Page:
A hand grasped Josh’s. Leonard, a Writing Center consultant, pulled Josh up.

“Though times are rough,” Leonard stated, “You can’t give up!”

Leonard sat Josh down at the nearest table and said,

“If we work together, we can accomplish this task.”

“I now know that: though college is difficult, hard work pays off,” Josh responded, tears welling in his eyes.

Leonard grabbed an MLA instruction packet and sample essay. He and Josh discussed the rules for MLA, looked over the sample paper, and brainstormed some ideas for Josh’s first essay.

“See Josh,” Leonard explained, “the thesis is like a roadmap for an essay,” Josh nodded in agreement, “It is a brief, clear statement of the argument of your paper, helps you plan your paper, and helps your reader see how you divide your main ideas into subtopics.”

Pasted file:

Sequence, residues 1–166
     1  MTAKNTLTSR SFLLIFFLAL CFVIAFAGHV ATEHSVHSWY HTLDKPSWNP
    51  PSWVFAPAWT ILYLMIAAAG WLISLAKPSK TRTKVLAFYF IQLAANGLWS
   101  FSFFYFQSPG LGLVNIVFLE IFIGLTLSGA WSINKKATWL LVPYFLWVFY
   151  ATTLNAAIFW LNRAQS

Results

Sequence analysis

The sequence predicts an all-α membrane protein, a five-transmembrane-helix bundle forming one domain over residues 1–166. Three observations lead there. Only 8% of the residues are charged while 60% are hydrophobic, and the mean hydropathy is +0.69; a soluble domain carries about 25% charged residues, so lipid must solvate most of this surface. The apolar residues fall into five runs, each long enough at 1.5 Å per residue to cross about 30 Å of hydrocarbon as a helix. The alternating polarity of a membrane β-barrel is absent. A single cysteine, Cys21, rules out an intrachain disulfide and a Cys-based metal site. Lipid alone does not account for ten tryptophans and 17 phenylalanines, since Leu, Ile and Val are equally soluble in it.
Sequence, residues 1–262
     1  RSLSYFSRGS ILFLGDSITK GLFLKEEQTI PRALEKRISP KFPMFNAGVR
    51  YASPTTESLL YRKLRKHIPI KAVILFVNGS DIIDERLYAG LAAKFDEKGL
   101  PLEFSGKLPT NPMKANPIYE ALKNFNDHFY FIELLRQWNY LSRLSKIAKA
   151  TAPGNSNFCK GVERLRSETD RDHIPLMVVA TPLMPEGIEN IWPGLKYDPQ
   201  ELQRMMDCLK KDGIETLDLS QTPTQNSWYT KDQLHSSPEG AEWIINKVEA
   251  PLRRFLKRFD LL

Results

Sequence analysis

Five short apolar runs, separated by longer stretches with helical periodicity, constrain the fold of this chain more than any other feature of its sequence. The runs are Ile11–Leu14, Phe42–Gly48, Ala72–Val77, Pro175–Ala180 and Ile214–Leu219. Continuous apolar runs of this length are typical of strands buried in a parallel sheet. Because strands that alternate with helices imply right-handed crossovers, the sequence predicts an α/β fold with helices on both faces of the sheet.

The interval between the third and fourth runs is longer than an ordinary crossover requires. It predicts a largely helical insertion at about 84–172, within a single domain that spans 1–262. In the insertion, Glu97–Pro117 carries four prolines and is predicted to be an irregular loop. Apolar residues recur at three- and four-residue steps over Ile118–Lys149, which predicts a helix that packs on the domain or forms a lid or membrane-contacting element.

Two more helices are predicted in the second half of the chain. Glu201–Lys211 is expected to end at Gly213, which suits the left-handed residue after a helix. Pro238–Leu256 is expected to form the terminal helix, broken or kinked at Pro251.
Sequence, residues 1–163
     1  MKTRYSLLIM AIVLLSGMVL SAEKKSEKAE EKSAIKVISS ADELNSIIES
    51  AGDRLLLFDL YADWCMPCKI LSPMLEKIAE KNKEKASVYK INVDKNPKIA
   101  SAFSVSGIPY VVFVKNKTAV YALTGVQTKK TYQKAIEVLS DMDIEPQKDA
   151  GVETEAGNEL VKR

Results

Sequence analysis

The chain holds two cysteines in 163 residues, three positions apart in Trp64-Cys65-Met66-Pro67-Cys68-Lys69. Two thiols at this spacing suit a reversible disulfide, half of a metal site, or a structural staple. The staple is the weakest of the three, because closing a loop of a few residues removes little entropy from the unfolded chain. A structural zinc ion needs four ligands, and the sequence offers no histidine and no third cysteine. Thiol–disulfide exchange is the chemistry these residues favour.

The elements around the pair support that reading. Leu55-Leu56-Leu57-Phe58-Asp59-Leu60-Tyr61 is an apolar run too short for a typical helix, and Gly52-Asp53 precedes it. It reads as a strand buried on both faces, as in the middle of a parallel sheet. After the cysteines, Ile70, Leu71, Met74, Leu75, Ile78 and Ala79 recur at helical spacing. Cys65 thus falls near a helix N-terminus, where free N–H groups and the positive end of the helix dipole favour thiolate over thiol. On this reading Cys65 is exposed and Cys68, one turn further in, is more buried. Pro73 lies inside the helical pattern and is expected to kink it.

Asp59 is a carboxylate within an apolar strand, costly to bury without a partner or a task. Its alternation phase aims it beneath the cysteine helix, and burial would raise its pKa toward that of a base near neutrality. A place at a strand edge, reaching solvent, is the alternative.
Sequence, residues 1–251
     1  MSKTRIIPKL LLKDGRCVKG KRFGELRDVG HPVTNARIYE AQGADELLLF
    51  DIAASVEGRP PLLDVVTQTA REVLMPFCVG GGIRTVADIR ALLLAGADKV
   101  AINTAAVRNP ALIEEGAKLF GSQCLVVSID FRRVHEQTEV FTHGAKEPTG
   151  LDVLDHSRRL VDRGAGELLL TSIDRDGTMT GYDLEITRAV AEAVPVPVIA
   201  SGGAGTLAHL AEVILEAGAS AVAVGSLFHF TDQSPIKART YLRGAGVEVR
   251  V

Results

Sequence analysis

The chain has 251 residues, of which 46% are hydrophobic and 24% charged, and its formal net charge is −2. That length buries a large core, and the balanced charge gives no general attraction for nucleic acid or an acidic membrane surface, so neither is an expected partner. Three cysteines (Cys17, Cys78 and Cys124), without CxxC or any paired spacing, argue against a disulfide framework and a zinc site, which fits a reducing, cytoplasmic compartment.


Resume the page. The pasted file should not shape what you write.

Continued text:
“Wow!” Josh exclaimed with fist held high. “Now I can write all my essays for English 2301 without having a panic attack.”

Restored, Josh galloped out of the Writing Center. As he skipped away, the sun set an orange aura on the horizon. Hope was alive, and so was Josh.

Co-Authored by John Brock and Ben Jones